Awesome People - Ep 49

Love languages, product tips, first 1000 users

Hi founders and fellow VC Friends!

Each week we deliver one awesome person to your inbox. These are the people you need to know—the marketers, sales gurus, engineers, ops wizzes— who give your startup superpowers 🚀. The best part is, everyone is hireable on a part-time basis.

This edition is super exciting and about love at work! Jk 😂 … only kinda. Get ready!

Here’s what’s on the docket:

  1. AJ your product-savvy exec coach

  2. Using love languages at work (I promise this is kosher!)

  3. P.S. Scaling to your first 1000 users

I highly recommend that you read 1-2 now, then come back to read the product tips with a cup of tea or coffee 😀.

Please meet AJ Frank, Your Product and Exec Coach 👏

AJ is currently a Director of Product at Facebook, angel investor, and exec coach. We met in First Round Angel Track and I’ve had the privilege of watching him work with companies. He’s since become a trusted sounding board and friend.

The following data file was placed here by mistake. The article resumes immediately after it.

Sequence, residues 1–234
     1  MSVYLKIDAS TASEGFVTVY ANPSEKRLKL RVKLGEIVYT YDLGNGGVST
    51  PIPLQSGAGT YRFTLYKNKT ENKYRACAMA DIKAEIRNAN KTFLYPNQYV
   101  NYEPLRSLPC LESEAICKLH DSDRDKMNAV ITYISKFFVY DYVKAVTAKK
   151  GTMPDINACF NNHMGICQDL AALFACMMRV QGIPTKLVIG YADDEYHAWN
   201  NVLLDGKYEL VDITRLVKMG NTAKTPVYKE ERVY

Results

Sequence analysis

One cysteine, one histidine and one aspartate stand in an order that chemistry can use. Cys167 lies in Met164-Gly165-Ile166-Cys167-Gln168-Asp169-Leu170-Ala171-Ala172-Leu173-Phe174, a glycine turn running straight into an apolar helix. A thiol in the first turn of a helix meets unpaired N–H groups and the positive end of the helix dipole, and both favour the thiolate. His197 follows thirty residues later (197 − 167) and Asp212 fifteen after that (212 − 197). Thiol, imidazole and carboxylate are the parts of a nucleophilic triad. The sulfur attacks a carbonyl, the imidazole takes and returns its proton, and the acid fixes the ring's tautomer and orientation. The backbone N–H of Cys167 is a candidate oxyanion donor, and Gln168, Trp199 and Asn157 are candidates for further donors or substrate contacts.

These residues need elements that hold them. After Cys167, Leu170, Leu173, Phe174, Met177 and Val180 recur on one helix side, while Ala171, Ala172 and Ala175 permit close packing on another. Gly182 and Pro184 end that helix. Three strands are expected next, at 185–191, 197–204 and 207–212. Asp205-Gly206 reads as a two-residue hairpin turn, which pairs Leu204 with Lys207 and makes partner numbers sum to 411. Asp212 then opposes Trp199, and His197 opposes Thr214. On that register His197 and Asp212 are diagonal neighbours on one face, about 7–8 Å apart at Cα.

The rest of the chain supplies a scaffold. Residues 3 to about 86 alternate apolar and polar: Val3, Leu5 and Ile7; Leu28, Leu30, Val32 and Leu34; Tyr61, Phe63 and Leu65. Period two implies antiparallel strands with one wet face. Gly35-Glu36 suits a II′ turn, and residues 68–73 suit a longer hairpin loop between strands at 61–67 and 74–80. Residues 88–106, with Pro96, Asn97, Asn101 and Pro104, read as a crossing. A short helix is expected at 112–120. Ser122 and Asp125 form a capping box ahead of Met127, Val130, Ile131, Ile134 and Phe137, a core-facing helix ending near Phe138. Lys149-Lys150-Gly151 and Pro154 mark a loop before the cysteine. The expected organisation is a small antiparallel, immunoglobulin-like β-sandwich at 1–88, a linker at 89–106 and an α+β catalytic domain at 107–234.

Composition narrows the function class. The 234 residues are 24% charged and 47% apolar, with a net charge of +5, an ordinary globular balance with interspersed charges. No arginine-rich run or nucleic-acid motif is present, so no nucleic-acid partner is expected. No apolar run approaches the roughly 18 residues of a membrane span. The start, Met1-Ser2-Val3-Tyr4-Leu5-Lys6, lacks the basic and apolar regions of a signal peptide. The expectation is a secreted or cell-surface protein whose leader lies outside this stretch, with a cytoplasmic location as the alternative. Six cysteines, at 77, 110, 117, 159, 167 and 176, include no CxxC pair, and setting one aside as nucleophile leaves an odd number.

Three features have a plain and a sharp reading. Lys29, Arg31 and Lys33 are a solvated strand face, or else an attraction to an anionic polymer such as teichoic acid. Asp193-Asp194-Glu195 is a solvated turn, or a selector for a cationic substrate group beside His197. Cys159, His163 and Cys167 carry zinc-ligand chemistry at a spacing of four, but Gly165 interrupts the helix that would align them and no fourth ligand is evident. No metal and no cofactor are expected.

He has over a decade of operating experience building and running orgs, setting product and business strategy, and executing. Most recently, he’s shipped several new products at Facebook including Whale and Tuned. Prior to that, he sold his start-up to Dropbox, where he built Dropbox Transfer (which quickly hit double digit ARR) and led the HelloSign acquisition (the largest in Dropbox’s history). While at Twitter, he led the team that grew Vine to 350M MAUs. One little known fact about AJ is he is a huge Harry Potter fan (his favorite book is Half-Blood Prince and his favorite character is Hermione).

He's trusted by leaders at Facebook, Dropbox, Twitter and Google.

Founders and product leads can hire him to:

  1. Think through and solve product problems

  2. Navigate complex operational issues

  3. Scale and lead teams

If you’re looking for an exec coach who understands product and scaling fast, AJ is your man! Email me if you want an intro!

AJ has superhuman people and leadership skills. Everyone I know who works with him, loves him. He believes caring about your reports is the most important attribute of a great manager, so it’s no surprise that he’s well respected.

I asked him to share some leadership tips and he came back with this gem.

Now, over to AJ👇

Using love languages as a people manager ❤️